Sunday - burgers
Monday - baked beans and biscuits
Tuesday - anything goes
Wednesday - lasagna
Thursday - chicken patty sandwiches
Friday - soup and bread
Saturday - pizza
For the burger and chicken patty meals, my guys eat meat versions and I eat vegan versions, and never the twain shall meet. OK, once in a blue moon hubby will have a veggie burger if the kid is hungry and wants an extra burger that day.
"Anything goes" days are usually the only time I make things from the dozens of vegan cookbooks I own, but because Veganomicon is a brand new book that I've been waiting months for, I've been cooking from there instead of our usual Monday and Friday meals, or like last week, the Friday soup was a V'con recipe.
All of this good eatin' has shown on my scale, so I'm going to have to scale back (Get it, "scale" back! Yeah, you can smack me now, cuz if you don't my kid will.) on all these new recipes, or at least how much of them I eat. I need to cut back on the amount of salt I consume, too.
So my VeganMoFo post for today is going to be about the Rice Diet.
The original Duke University Rice Diet, as written by Dr. Werner Kempner back in the 1940's was very spartan, led to loads of weight loss and reversal of kidney damage (The original purpose of the food plan) but was really hard for people to keep up with in real life, not just because it was a starvation diet but the main focus of the plan was the low sodium, and in normal people the food plan led to electrolyte imbalances unless they were closely monitored by a doctor and had frewquent lab work done. When Dr. Kempner retired he left (sold?) the food plan to his protegé, Dr. Robert Rosati, and his wife, nutritionist Kitty Rosati. The Rosati's eventually broke the Rice Diet away from Duke University, started what is now known as the Rice House in Durham, North Carolina, and revised the Rice Diet so it's much safer to do on your own without constant medical intervention to assure you're not going into electrolyte imbalance or becoming anorexic or have nutritional deficiencies from the very low amount of calories and food choices in the original plan. The first time this was made available to others was in Kitty Rosati's book, Heal Your Heart. In 2006 the Rosati's came out with the book, The Rice Diet Solution, which explains their "dieta", what they're calling not just the food plan but entire way of life associated with the Rice Diet. This past year Kitty came out with the official Rice Diet Cookbook, which was disappointing because many of the recipes had been developed by members of the forum and posted there previously.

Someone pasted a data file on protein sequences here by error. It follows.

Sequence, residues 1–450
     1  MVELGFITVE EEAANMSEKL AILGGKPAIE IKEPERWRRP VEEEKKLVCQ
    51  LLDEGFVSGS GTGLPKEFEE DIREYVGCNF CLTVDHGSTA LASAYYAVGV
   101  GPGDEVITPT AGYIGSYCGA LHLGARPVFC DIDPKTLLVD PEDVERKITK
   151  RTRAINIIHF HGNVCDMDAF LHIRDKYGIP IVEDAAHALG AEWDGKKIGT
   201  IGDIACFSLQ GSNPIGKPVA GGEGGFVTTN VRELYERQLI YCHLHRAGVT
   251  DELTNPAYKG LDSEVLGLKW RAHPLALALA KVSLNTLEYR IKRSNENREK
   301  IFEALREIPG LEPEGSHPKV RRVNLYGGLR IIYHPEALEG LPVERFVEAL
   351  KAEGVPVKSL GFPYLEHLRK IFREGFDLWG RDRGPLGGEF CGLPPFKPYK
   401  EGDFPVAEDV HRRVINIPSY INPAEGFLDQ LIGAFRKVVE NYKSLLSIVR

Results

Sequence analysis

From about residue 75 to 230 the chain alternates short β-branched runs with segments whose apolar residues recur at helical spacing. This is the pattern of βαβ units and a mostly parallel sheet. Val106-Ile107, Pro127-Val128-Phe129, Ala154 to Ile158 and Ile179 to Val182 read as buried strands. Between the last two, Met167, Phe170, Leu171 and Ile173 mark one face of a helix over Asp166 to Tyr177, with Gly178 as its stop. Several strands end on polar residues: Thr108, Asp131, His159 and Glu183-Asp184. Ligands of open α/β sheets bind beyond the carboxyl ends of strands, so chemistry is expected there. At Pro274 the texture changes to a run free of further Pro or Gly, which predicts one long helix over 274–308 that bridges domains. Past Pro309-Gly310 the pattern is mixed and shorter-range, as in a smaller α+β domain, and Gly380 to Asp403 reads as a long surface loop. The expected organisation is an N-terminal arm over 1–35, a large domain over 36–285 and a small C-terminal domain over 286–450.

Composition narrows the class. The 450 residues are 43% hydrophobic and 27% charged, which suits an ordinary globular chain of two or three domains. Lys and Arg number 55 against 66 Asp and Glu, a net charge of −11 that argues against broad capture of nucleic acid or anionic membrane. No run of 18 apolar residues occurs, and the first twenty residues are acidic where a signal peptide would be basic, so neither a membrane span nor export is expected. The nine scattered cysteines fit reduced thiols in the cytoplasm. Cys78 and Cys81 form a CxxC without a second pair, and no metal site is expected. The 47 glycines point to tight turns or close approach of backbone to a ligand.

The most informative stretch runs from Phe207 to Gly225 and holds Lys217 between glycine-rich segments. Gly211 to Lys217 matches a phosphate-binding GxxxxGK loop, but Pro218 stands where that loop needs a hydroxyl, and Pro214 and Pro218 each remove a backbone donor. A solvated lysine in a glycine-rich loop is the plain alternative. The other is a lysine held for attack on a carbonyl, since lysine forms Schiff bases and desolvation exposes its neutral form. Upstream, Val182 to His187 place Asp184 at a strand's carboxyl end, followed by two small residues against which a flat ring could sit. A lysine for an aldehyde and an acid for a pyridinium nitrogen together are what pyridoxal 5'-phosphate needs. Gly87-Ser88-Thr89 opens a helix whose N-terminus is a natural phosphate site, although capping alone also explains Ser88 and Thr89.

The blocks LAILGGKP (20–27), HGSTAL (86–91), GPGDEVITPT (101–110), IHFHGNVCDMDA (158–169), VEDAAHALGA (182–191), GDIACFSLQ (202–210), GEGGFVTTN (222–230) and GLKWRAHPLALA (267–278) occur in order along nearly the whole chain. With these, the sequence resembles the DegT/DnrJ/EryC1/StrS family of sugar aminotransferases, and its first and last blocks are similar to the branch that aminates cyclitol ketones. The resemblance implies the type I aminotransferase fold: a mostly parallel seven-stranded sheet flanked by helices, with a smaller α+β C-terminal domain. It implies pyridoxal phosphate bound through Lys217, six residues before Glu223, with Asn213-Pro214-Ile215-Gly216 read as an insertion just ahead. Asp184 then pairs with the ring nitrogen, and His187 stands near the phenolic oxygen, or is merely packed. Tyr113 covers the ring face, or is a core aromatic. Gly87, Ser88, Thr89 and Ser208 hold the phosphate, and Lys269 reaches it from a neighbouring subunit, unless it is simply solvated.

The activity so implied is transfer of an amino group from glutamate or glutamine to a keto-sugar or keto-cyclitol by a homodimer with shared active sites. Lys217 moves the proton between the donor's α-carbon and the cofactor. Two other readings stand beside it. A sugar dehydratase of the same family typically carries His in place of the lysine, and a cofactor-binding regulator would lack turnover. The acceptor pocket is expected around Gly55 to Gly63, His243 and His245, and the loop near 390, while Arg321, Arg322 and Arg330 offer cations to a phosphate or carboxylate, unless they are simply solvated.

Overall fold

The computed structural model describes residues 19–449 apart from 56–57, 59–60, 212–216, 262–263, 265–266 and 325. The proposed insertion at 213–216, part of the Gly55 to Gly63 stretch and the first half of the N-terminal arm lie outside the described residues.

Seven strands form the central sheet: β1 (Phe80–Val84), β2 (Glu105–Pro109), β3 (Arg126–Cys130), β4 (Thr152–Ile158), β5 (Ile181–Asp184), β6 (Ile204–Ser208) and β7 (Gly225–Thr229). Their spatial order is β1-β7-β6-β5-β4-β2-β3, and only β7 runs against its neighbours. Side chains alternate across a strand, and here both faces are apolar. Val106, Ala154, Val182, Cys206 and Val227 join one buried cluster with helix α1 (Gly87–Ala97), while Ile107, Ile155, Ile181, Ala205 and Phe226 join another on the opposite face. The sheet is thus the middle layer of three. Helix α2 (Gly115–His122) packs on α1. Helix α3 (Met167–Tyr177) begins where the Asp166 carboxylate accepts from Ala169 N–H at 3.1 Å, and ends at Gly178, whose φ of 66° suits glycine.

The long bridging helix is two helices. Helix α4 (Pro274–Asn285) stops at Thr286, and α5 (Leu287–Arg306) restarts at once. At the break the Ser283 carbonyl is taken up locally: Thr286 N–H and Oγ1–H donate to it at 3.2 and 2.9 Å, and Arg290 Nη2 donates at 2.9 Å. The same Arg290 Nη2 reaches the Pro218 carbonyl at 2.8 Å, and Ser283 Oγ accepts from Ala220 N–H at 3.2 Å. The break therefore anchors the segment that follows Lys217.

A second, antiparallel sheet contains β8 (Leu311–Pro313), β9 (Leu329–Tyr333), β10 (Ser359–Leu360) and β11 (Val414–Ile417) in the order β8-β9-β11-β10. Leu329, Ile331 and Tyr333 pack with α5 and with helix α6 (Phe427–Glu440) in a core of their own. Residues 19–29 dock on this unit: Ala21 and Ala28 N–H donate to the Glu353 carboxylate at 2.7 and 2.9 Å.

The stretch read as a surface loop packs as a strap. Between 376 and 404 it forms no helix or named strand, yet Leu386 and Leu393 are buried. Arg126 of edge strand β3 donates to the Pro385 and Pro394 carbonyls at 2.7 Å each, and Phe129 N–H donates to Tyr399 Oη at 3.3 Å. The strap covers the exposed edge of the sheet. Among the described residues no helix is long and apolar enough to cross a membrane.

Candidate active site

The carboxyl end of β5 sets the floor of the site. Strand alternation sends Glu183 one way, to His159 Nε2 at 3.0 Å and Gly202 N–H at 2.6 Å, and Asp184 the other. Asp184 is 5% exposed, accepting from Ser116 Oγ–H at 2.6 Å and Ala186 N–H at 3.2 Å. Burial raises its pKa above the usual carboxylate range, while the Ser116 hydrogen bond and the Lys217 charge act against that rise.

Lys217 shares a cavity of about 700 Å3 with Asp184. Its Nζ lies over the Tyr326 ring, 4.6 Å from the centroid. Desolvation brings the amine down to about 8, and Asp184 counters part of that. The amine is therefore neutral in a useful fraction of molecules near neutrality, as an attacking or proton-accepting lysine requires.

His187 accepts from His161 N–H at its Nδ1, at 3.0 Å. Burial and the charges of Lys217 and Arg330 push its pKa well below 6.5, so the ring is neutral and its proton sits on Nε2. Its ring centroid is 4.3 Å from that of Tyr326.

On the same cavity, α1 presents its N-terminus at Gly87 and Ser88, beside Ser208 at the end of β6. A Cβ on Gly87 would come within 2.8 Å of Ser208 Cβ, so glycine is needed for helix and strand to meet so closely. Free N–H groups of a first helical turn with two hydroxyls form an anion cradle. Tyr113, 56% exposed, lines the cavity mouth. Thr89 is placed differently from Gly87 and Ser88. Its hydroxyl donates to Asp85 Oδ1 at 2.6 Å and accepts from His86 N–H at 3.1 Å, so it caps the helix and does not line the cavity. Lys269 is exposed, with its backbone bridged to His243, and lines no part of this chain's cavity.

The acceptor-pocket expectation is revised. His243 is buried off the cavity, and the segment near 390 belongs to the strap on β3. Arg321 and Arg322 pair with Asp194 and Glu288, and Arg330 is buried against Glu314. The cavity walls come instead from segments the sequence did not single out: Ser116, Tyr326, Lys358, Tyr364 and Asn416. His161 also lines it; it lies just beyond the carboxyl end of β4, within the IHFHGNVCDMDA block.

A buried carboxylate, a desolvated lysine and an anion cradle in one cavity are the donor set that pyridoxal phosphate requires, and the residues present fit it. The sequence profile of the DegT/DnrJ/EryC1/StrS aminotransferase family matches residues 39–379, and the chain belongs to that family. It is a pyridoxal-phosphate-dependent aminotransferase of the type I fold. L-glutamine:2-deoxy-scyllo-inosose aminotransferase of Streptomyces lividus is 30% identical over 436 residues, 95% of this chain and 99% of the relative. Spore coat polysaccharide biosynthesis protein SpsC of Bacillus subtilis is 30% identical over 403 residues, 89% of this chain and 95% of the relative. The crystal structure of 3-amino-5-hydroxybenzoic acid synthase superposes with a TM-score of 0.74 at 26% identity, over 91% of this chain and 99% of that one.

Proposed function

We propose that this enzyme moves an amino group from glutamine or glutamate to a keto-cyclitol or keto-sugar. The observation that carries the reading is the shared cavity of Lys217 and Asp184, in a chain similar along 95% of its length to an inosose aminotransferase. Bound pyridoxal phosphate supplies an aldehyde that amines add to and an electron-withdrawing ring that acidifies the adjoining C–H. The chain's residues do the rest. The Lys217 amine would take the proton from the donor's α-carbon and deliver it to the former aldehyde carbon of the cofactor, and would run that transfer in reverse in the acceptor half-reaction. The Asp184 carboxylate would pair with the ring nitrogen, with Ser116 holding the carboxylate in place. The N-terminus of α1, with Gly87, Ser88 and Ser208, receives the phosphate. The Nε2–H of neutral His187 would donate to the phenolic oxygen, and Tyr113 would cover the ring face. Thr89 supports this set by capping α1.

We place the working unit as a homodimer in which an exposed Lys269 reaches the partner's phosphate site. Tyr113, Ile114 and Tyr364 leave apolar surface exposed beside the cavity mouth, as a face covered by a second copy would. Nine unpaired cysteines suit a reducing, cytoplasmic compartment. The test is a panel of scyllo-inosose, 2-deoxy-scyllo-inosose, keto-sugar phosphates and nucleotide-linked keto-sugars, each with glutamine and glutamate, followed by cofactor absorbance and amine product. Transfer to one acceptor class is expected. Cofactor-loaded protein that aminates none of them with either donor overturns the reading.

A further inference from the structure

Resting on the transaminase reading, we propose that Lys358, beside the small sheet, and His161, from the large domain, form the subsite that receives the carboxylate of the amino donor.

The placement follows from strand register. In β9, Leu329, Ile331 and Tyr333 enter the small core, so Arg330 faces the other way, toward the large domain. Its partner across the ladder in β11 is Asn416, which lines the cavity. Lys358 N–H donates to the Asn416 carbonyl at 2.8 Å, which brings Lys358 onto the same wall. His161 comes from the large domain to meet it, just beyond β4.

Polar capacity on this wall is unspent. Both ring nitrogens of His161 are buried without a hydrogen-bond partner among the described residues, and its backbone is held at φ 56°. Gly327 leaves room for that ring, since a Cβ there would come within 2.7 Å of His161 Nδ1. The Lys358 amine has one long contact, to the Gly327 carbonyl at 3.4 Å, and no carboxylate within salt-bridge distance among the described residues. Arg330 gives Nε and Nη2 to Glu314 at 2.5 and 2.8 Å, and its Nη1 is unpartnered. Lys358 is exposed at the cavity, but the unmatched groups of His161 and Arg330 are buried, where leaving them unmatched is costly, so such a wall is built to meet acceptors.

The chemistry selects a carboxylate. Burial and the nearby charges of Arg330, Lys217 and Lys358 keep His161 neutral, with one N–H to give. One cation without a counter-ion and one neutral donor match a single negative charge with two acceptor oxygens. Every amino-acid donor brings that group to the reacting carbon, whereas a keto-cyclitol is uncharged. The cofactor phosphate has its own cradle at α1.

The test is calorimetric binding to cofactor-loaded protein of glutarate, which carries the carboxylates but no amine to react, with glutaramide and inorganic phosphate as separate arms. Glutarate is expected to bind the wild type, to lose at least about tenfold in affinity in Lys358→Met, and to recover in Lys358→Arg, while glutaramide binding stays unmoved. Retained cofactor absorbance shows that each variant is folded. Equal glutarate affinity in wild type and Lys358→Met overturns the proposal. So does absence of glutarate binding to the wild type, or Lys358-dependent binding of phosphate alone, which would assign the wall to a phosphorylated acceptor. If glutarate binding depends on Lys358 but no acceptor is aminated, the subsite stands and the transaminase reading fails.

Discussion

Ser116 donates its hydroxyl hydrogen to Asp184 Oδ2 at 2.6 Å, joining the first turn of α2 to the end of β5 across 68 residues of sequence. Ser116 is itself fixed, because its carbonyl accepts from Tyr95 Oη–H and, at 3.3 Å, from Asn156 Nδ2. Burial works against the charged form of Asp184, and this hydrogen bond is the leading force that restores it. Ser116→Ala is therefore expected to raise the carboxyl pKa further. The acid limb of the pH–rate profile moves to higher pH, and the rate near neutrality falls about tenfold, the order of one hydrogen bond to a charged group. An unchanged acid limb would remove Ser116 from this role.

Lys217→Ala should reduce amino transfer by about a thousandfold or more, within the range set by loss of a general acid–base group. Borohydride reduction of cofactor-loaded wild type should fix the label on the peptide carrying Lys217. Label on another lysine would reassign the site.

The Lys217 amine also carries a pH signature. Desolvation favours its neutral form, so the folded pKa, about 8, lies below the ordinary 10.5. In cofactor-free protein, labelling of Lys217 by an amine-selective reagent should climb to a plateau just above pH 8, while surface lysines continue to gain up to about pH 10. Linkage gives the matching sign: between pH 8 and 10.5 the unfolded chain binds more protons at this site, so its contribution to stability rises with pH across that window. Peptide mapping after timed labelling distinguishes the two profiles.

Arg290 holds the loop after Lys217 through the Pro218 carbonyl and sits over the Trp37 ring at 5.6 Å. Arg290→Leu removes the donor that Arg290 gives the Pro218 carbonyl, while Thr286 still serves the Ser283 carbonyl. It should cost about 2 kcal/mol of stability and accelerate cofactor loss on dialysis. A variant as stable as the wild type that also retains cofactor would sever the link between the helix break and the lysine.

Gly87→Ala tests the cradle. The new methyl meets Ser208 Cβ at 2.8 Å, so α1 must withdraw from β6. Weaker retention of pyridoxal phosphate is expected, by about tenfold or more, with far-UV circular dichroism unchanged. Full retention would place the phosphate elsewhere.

A former forum member named Nathalie has a great web site called The Rice Way that explains the Rice Diet in detail, but the best place to go for support is the official Rice Diet forums. Plenty of information about the program and loads of recipes. There are also 2 Yahoogroups devoted to the Rice Dieta, The_Ricers, where the owner abandoned the list and it's now full of spam, and The Rice Diet Solution, a new and very mall (for now) list.
Click to visit The Rice Diet Solution group
My favorite Rice Diet recipe is Rhonda's Rice and Beans.